This post was contributed by Margaret Key, CEO, Asia-Pacific

While I may call myself an American, I feel a special connection to Asia because of the influence of my Korean mother and the more than 20 years I have lived in the world’s most dynamic and diverse region.

I have called a number of Asia’s larger cities home and traveled to many more. I have friends, family and colleagues across the region and with each new year, I find myself appreciating more about what makes the region so spectacular but also so complex. Asia’s proper definition includes a total of 48 different countries, and no two countries are alike.

A rising population (60 percent of the world’s population as I write now), a growing middle class, a highly educated work force and an unparalleled adoption and reliance on technology – the progress in this part of the world has been nothing short of remarkable.

And yet, despite this dramatic transformation, there is one area that has failed to play catch up to the rest of Asia’s collective progress – gender equality. Women in Asia continue to be overlooked for the top posts as men in the same ranks get promoted faster and paid more. Currently, women in Asia comprise only six percent of board membership, a figure which has not changed since 20121.

A McKinsey Global Institute report in 2015 found that US$12 trillion could be added to global GDP by 2025 purely by advancing women’s equality2. And yet, despite the business and economic rationale for greater inclusion, 70 percent of executives surveyed in Asia said greater gender diversity was not a strategic priority for their companies3.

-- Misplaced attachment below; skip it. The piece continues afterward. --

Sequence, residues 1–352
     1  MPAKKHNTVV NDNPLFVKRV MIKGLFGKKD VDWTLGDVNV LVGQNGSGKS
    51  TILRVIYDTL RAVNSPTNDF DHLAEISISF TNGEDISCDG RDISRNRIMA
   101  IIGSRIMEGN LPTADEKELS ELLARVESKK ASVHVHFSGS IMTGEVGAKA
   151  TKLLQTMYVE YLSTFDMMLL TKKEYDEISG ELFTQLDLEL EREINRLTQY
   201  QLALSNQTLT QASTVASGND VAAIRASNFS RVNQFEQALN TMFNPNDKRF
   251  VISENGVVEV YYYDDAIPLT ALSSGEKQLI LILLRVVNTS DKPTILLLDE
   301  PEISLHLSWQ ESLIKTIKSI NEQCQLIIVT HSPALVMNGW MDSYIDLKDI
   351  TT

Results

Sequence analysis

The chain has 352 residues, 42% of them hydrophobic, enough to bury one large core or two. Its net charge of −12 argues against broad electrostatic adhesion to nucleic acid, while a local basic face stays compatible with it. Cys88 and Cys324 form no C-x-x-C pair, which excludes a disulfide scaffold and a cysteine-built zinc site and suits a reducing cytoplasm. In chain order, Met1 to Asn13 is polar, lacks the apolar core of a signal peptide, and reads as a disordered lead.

So what is holding women back in Asia?

Unlike other parts of the world, the lack of education in Asia does not play a part as gender parity in elementary education has now been reached in most Asian countries. Public policy cannot be singled out either, as governments across Asia are working to find more ways to support women in the workplace.

While it is common for women across the developed world to feel pressured with the double burden of working while looking after families, in Asia it is more pronounced given the traditional mindset toward women and, specifically, the role of women in the family. In my view, this is one of the greatest challenges to the progress of working women in Asia.

As educational and job opportunities increase for women in Asia, the traditional thinking applied to marriage and childbearing remains the same. In developing countries across the region, the societal norms emphasize domestic work as the primary responsibility of women, which limits social activities and mobility. In more developed countries, women may work but many are expected to give up careers—sometimes after marriage, often after childbirth—and most do not return to the job market until their children are grown.

In another McKinsey & Company survey4, 30 percent of business leaders claimed that many or most women at mid-career or senior level left their jobs because of family commitments. In some countries like Japan and South Korea, the percentage is higher by half. In Taiwan, surprisingly, women will drop out of the labor market in their late twenties, never to return.